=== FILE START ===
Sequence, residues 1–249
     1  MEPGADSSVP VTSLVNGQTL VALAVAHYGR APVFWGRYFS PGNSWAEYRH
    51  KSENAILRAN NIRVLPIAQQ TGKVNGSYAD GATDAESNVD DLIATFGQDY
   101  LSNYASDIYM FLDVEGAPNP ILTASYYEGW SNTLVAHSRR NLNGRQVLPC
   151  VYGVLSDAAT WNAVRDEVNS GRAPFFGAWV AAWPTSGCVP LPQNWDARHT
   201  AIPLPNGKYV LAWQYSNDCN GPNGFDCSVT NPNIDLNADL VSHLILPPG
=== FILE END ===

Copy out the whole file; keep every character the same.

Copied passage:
Sequence, residues 1–249
     1  MEPGADSSVP VTSLVNGQTL VALAVAHYGR APVFWGRYFS PGNSWAEYRH
    51  KSENAILRAN NIRVLPIAQQ TGKVNGSYAD GATDAESNVD DLIATFGQDY
   101  LSNYASDIYM FLDVEGAPNP ILTASYYEGW SNTLVAHSRR NLNGRQVLPC
   151  VYGVLSDAAT WNAVRDEVNS GRAPFFGAWV AAWPTSGCVP LPQNWDARHT
   201  AIPLPNGKYV LAWQYSNDCN GPNGFDCSVT NPNIDLNADL VSHLILPPG